Controversial Exhibit Of Religious Barbie Dolls Cancelled Due To Death Threats

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For a plastic doll, Barbie can be polarizing. Emiliano Paolini and Marianela Perelli discovered this recently when their exhibit “Barbie: The Plastic Religion” at POPA gallery in Buenos Aires was cancelled. “Given repeated anonymous threats concerning the event, the artists decided not to exhibit his work, fearing for the physical safety of visitors,” a notice on the gallery’s website announced.

The 33 pieces in the controversial collection are each one-of-a-kind, and they include Barbie dolls as the Virgin Mary; Joan of Arc; Kali, the Hindu goddess of destruction; and the Virgin of Guadalupe, patron saint of Mexico. Ken becomes Christ on the cross, Buddha, Moses, St. Sebastian and the Sacred Heart of Jesus. The sculptures represent figures from Christianity, Judaism, Hinduism, Buddhism, and Argentine folk religion. The Muslim prophet Muhammad is not included in the series—the artists told Reuters that since Islam prohibits the creation of his image they omitted him out of respect.

Questions of taste and faith have been raised by Argentine Catholic Priests, Italian Bishops, and Hindu Clerics, much to the surprise of the artists. “We have a sanctuary in the kitchen that has more saints than the Vatican,” Paolini told the Associated Press. Some have accused the artists of grandstanding—disrespecting religion in order to gain notoriety. They disagree.

“The true message of our work was mutilated by magazines and television. That’s a shame. The media is killing our art.” (Source)

The sculpted dolls are additional portrayals in the canon of religious iconography, weighted down with the 55-year legacy of a plastic girl and her boyfriend.

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Masao Kinoshita’s Powerful Sculptures Are Skinned To Reveal Hulking Muscles

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With rippling, coiled muscles, the sculptures of Masao Kinoshita stand skinned and erect. Working with materials ranging from wood to resin to bronze, the Japanese sculptor uses an aesthetic we normally associate with natural history museums to render athletic, flexing creatures of the sea and land. Save for their multiple heads and engorged limbs, these beasts could easily be ancestors of man.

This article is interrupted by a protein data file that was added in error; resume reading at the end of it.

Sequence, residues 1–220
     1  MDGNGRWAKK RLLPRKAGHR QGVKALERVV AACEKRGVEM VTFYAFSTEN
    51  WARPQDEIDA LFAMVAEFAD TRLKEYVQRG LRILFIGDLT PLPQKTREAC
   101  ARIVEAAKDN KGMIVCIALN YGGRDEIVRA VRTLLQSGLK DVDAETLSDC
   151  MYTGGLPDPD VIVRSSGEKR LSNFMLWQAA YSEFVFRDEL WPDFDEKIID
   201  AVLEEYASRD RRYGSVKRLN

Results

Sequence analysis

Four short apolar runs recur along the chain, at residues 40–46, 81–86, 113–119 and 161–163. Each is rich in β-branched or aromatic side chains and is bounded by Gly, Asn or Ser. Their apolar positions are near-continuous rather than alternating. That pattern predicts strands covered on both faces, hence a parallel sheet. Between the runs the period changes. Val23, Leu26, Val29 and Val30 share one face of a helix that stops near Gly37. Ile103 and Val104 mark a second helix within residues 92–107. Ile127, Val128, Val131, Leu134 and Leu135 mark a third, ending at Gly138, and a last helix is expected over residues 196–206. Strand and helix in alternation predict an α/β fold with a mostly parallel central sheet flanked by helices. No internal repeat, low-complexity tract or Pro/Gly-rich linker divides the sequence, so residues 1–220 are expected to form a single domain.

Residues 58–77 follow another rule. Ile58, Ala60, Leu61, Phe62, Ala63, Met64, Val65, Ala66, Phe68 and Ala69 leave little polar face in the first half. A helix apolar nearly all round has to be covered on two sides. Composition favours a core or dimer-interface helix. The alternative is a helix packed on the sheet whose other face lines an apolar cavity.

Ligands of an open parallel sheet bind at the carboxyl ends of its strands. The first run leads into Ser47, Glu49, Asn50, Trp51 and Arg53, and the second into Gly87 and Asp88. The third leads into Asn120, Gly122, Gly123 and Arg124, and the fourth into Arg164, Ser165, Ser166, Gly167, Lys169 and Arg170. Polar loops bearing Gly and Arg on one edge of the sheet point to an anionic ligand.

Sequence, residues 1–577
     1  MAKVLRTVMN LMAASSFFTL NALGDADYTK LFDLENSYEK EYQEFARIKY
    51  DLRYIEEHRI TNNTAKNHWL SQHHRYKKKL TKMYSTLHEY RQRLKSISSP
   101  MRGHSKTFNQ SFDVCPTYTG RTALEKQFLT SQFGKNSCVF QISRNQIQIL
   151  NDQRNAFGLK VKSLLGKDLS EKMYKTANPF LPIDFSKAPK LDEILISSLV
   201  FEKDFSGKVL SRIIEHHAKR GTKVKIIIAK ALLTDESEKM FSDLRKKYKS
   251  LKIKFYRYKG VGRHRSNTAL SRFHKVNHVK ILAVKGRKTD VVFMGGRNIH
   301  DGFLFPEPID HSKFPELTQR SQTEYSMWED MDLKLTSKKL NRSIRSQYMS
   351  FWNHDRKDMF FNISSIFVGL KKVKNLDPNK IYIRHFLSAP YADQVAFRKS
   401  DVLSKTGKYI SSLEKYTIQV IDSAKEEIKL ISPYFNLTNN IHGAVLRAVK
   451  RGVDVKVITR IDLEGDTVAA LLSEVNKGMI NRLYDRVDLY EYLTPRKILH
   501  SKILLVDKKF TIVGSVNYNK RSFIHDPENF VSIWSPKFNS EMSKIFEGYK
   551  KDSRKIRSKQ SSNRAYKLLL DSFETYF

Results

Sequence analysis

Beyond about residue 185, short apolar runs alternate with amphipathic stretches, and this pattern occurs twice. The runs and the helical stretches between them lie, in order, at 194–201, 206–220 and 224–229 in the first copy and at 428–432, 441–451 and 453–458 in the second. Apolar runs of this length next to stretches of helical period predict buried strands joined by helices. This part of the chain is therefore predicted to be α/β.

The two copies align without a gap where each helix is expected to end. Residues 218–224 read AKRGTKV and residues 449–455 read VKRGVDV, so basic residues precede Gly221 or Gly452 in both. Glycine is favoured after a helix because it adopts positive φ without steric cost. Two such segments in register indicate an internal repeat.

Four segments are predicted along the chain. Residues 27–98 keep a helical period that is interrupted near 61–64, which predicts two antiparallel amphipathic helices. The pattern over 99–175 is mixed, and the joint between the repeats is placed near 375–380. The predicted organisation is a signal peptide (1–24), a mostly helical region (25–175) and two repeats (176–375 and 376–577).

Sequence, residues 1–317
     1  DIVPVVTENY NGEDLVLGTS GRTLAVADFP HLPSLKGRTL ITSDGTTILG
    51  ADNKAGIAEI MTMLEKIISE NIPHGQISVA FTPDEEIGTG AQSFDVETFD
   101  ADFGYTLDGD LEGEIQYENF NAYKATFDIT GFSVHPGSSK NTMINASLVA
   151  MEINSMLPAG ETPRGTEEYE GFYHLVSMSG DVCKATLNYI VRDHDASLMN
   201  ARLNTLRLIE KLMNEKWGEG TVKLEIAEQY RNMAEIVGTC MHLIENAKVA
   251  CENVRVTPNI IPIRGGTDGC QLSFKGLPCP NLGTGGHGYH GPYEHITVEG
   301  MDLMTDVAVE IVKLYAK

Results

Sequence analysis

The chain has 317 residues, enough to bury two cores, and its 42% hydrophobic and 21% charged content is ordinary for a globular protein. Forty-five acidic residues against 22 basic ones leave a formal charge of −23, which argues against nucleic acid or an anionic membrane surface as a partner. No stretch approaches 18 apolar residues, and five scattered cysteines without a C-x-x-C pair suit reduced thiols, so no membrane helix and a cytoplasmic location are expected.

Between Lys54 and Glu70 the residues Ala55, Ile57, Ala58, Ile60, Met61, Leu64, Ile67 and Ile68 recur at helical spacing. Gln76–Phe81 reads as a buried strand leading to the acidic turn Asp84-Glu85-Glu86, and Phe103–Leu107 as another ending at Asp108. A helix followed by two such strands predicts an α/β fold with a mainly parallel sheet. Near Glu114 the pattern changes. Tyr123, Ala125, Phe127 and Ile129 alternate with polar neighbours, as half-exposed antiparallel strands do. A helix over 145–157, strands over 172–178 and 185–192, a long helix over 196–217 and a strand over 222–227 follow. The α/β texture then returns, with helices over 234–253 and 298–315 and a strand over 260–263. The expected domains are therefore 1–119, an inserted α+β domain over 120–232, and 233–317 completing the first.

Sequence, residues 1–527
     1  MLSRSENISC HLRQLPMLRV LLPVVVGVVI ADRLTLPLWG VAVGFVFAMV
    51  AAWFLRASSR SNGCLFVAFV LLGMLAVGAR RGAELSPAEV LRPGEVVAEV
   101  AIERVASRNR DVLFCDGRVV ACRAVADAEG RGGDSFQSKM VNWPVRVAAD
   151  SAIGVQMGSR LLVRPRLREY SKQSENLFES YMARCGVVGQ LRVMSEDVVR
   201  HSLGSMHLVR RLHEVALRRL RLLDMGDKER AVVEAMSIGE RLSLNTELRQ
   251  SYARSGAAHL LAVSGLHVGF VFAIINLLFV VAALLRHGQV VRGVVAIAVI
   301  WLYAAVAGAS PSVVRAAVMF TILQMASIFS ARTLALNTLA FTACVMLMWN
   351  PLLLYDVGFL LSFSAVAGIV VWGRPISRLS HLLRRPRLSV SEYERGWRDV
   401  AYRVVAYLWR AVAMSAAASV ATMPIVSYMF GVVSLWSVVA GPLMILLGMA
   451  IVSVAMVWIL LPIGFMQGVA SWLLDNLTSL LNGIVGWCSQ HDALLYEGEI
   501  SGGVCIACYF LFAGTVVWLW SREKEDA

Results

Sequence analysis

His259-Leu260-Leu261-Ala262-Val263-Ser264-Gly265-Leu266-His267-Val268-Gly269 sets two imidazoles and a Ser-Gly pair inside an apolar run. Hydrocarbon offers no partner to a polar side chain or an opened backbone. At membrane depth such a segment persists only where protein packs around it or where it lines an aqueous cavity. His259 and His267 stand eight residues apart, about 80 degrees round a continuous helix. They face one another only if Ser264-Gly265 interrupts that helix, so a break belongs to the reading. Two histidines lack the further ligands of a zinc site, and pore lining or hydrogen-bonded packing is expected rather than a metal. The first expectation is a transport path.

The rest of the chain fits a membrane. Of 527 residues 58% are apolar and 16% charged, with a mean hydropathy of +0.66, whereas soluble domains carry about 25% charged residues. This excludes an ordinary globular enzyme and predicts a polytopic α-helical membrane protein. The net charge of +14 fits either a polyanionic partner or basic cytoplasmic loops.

Kinoshita draws much of his inspiration from diverse mythologies, religions and folklores from around the globe. Fusing narratives across space and time, the horned maenads of ancient Greece live alongside the Yoga Asura deities of Buddhism in a visceral, animalistic universe where fitness reigns supreme. The Hindu god Ganesh poses confidently while a human baby and a small teddy bear develop muscles of similar size and strength.

Given the artist’s knowledge of folklore and spiritual histories, we might interpret his massive, hulking walrus as a nod to the beast mentioned in Alice in Wonderland, who is widely assumed to represent the Buddha. Built from wood, he would certainly seem at home in the story of “The Walrus and the Carpenter,” but his soulful eyes maintain a divine dignity that eluded Lewis Carroll’s infamous character.

Throughout Kinoshita’s impressive body of work, the physical and the metaphysical are allowed to coexist. Where modern religions condemn the pleasures of the body and exalt in those of the spirit, these sculptures present a world wherein the gods themselves are proud—even arrogant, as the case may be with those thong-wearing bodybuilders—to live within mortal anatomies. Take a look. (via HiFructose)

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Wang Zin Won’s Praying Machines

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The figures of Korean artist Wang Zi Won seem above all peaceful.  His statues are also machines that perform prayers.  He mixes Buddhist imagery with autobiographical depictions to illustrate a futuristic mix of technology and spirituality.  It is interesting that Wang’s sculpture’s abandon the physical body – in a sense something Buddhism and visions of the future share in common.  Indeed, his vision of the future seems to be a bit of an optimistic one.  That is, one in which further harmony between man and machine leads to a more complete existence and identity.    [via]

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